Friday, March 26, 2010


Posted By on Fri, Mar 26, 2010 at 2:05 PM

There’s an interesting article titled “Lithium Dreams” in the March 22 edition of The New Yorker that draws a parallel between Detroit and the slums around the Bolivian city of Potosi.

As the article notes, Potosi was once among the world’s largest cities. As the center of a region that produced half of the silver coming out of the New World between the middle of the 16th century and the middle of the 17th century, the town’s very name became a synonym for good fortune.

And now it is viewed as a “symbol of plunder, or exploitation, or humiliation.” It is also “one of the poorest places in what has long been one of the poorest countries in South America."

The article by Lawrence Wright then transitions from that disheartening reality to this one:

“Across the divide of the industrial revolution, there is another city whose promise of greatness now lies in ruins: Detroit.”

Their epic fall from splendor isn’t the only correlation between the two cities, however. What also connects them is the hope of revival based on lithium. The area around Potosi contains half of the world’s known supplies of the element that is a key component of the batteries used in cell phone and lap top computers. It is also key to the batteries used in electric cars such as the highly anticipated Chevy Volt, which could play a major role in determining the future of the American auto industry — and Detroit.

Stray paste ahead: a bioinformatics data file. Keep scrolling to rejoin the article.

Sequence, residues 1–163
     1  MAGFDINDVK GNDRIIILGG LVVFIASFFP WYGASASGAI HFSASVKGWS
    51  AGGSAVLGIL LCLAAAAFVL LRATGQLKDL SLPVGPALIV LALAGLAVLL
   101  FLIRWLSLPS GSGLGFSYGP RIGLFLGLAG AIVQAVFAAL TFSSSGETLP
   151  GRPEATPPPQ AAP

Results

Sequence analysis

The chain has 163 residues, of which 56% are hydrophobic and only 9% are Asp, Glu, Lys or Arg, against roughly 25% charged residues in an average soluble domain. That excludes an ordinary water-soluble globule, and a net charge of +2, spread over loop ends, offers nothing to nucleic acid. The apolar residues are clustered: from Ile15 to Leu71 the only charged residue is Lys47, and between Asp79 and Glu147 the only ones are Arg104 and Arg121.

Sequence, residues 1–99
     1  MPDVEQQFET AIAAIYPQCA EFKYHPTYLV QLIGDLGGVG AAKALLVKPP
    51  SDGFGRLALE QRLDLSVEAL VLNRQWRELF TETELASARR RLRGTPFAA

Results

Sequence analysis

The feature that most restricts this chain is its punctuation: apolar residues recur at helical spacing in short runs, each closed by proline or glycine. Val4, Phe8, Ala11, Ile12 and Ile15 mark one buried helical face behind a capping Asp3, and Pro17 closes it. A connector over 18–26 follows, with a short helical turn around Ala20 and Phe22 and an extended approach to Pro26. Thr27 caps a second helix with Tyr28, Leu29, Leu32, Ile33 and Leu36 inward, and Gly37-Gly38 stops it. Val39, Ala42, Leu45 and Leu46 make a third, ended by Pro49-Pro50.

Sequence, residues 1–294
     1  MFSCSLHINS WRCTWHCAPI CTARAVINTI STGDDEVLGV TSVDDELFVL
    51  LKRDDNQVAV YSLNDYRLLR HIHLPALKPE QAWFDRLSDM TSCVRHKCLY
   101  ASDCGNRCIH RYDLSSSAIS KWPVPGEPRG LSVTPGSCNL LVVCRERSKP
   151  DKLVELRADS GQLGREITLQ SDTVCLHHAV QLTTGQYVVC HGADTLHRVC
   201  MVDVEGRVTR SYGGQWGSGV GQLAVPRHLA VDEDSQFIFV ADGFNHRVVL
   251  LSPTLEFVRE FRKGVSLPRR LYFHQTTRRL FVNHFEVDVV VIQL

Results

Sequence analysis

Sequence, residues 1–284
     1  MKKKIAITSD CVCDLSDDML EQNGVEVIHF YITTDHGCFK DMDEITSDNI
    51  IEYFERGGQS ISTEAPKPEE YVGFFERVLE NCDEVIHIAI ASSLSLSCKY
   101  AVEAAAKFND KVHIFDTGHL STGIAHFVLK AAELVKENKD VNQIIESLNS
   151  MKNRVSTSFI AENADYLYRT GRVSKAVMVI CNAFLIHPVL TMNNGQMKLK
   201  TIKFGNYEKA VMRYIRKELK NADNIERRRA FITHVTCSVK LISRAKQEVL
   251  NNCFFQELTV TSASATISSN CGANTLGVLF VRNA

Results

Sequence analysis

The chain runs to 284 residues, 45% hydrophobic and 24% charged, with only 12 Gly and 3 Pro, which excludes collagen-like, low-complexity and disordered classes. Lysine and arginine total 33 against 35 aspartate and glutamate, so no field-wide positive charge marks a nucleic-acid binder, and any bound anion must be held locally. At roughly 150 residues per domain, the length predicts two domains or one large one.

Among other things, the article also does a good job of exploring the complexities of leftist Bolivian President Evo Morales’ determination to keep the natural resource from being exploited by multinational corporations.

But after touting the promise of Bolivia’s lithium up front, the article, near the end, turns out to be a bit of bait and switch. Turns out that problems like the quality of the country’s lithium and the lack of transportation infrastructure make the costs of bringing it to market far higher than that of its competitors.

Even so, it’s a fascinating piece. You have to be a subscriber to read the entire story on line now, although an abstract of it is available at

More by Curt Guyette

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